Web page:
According to California Department of Education data (CBEDS), in these four school years the number of enrolled students increased by 831, Hispanic students increased by 1,344, while the number of white students declined by 510. Note that in the 1994-95 school year 72 percent of the students were Hispanic. In the same four-year period, the number of children on the federal lunch program increased by 1,819, and out of 9,735 children enrolled, 7,263 or 75 percent participate in the lunch program according to the Santa Barbara County Department of Social Services. In the 1994-95 school year, 44 percent of the children in Santa Maria-Bonita School District did not speak English.

'The image of single males

who return to their families

across the border at season's end

no longer describes the majority

of the farm work force.'

In the 1994-95 school year, in the Guadalupe School District, 93 percent of the students were Hispanic. Eighty-eight percent participated in the federal lunch program, and in the 1993-94 school year, 56 percent did not speak English. As Santa Maria and Guadalupe are the heart of the agricultural industry in Santa Barbara County, one must conclude that farmworkers, many of whom are immigrants, caused the Hispanic enrollment increase and the increased poverty as demonstrated by the increase in the subsidized lunch program.

Santa Barbara County draws immigrants to its southern area also, where many low-skilled service jobs exist in the tourist industry. Again, the numbers tell the story. Some statistics for the whole county demonstrate increasing numbers of limited English proficient students (LEP). Table 2 also includes data for Monterey, Tulare and Ventura counties (CA Dept. of Education). As you probably know, Ventura and Monterey have mixed economies but Tulare is heavily agricultural.

Are these added students poor? Yes, they are and the state income tax numbers tell that story. Table 3 shows the change in Ventura County, between 1987 and 1992, in the number of income tax returns filed and in the number of dependents claimed by income range (California Franchise Tax Board Annual Reports).

* Returns increased in the below-$10,000 and above-$50,000 income categories. The middle class returns declined.

* On incomes below $10,000, returns increased by 4,109 of the total 4,886 added returns for the county and accounted for 84 percent of all the added returns.

* On incomes below $10,000, dependents increased by 19,752 of the total 22,767 added dependents and accounted for 87 percent of all the added dependents claimed.

* On incomes between below $20,000, there were 2,266 added returns and 27,154 added dependents, 12 added dependents per added return.

Santa Barbara and Monterey Counties' distri-butions of change look a little better than Ventura's but they started with more poverty. Tulare County's distribution of change almost exactly reflects Ventura's. Unfortunately for Tulare County, in 1992, 44.2 percent of all dependents claimed were on income tax returns with less than $10,000 income. According to the Assistant County Administrator of Tulare, as of fiscal year 1995-96, one third of the county population is on welfare! Tulare County ranks second in the state after Fresno in the total value of agricultural production - and have you been to Fresno lately?

'Unfortunately for Tulare County...

[in] fiscal year 1995-96 one third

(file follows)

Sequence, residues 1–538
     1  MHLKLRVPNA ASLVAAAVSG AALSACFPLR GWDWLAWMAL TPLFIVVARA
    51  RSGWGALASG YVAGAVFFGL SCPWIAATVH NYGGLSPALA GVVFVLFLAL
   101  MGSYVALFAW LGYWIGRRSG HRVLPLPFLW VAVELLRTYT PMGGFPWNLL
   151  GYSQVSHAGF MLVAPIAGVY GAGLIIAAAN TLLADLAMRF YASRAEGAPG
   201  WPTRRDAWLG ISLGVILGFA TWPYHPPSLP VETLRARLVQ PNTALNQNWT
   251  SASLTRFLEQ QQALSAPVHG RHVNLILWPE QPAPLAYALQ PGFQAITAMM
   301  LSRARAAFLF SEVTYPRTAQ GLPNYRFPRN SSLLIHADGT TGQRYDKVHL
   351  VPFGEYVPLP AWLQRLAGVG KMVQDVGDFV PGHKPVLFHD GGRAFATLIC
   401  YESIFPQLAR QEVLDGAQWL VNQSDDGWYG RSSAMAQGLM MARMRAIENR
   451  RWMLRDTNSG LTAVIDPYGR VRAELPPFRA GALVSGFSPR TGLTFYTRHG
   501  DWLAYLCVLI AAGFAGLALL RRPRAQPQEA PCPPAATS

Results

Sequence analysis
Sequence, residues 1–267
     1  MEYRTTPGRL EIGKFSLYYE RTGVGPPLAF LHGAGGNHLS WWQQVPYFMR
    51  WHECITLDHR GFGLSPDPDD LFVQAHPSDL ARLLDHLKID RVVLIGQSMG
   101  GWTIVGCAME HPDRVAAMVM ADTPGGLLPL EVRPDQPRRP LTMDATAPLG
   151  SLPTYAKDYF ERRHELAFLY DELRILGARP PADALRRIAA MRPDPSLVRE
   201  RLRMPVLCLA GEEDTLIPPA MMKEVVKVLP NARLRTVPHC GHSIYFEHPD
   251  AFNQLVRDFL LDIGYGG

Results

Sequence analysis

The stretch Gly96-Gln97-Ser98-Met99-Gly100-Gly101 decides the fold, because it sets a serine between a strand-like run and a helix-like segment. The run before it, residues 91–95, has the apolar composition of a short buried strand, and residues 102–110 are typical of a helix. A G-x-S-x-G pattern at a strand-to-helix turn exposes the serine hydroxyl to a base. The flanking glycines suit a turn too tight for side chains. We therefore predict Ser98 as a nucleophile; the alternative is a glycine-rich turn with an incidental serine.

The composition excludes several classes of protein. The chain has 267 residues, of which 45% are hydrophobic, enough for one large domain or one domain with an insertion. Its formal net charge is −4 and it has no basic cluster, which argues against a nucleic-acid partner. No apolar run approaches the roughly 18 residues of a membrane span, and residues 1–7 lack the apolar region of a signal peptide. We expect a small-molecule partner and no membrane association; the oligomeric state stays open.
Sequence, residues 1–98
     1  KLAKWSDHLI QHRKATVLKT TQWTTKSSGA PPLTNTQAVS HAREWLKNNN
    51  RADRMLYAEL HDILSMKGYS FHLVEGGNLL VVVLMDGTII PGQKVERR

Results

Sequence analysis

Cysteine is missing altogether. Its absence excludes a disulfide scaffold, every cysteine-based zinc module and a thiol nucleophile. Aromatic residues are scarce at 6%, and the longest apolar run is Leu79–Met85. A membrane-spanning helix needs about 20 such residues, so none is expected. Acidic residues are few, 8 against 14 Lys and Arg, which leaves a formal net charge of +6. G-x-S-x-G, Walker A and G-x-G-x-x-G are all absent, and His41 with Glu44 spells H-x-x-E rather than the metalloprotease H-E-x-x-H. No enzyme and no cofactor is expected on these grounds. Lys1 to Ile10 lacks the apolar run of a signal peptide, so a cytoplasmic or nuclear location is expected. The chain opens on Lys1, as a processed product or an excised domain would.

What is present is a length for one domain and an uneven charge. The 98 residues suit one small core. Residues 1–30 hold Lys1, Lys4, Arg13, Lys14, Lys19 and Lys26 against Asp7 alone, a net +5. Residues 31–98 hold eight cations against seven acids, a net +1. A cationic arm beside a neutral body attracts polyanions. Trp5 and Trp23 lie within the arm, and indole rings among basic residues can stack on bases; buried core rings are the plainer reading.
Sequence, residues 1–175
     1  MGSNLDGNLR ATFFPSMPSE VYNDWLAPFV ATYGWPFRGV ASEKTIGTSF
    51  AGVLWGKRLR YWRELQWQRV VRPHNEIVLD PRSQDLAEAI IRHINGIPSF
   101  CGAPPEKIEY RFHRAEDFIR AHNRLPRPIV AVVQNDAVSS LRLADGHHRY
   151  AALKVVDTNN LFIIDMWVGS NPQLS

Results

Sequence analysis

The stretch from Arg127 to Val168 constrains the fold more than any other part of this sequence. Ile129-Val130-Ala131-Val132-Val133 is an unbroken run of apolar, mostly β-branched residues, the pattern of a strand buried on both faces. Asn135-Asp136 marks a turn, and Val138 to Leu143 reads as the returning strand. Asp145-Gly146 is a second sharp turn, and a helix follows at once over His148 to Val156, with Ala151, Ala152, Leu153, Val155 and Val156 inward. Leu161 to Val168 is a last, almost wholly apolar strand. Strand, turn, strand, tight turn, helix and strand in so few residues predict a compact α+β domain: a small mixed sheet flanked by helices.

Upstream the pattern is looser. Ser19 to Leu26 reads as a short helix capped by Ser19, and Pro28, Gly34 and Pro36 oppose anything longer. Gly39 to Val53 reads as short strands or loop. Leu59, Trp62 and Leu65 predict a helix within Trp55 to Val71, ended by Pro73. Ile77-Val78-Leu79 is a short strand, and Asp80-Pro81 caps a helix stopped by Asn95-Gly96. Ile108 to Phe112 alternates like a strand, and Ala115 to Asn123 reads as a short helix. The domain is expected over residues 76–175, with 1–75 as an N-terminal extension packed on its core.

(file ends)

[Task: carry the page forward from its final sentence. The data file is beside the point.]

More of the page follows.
of the entire population of the

county is on welfare!'

Did all of these poor children come from other countries? No. Long time agricultural counties such as Fresno and Kern have many second generation immigrants who work in agriculture. Tulare has many second generation farm workers also. However, many immigrants and illegal aliens were here in 1987 and after IRCA passed in 1986, they brought in their dependents from outside the state and moved to areas where unskilled jobs, such as in agriculture, were increasing. Ventura, Santa Barbara and Monterey Counties fall into this group.

In addition, many legal immigrants and illegal aliens are having babies here and as you know well, they are United States citizens at birth. In 1993, 40 percent of Ventura County births were to foreign-born women; 42 percent in Tulare; 45 percent in Santa Barbara and 50 percent in Monterey. For the state as a whole, 45 percent of the births were to foreign-born women (CA Dept. of Health, Birth Records).

If the parents are legal but poor immigrants who have applied for amnesty under IRCA, the family qualifies for Aid to Families with Dependent Children (AFDC). But if the parents are illegal aliens, only the US-born children qualify for AFDC and they are counted in the 'child-only' caseload. According to Governor Wilson's Summary Budget for 1994-95, about 10 percent of the child-only cases have caretaker adults who are recipients of Supplementary Security Income (SSI) or they are non-parent relatives. Ninety percent of the child-only cases have parents who are ineligible for aid based on immigration status. The child-only cases between 1985 and 1992 accounted for almost half of California's caseload increase. After 1992, illegal aliens who applied for amnesty started to qualify for AFDC. Recall that they had a waiting period before they could apply. The 'experts' said that the number of child-only cases would decline and the number of whole families on assistance would increase. This would only be true if illegal aliens quit coming and having babies. I am sorry to say that the number of IRCA-amnesty families on AFDC has increased, and the number of illegal aliens having babies has increased also, because illegal aliens continue to arrive.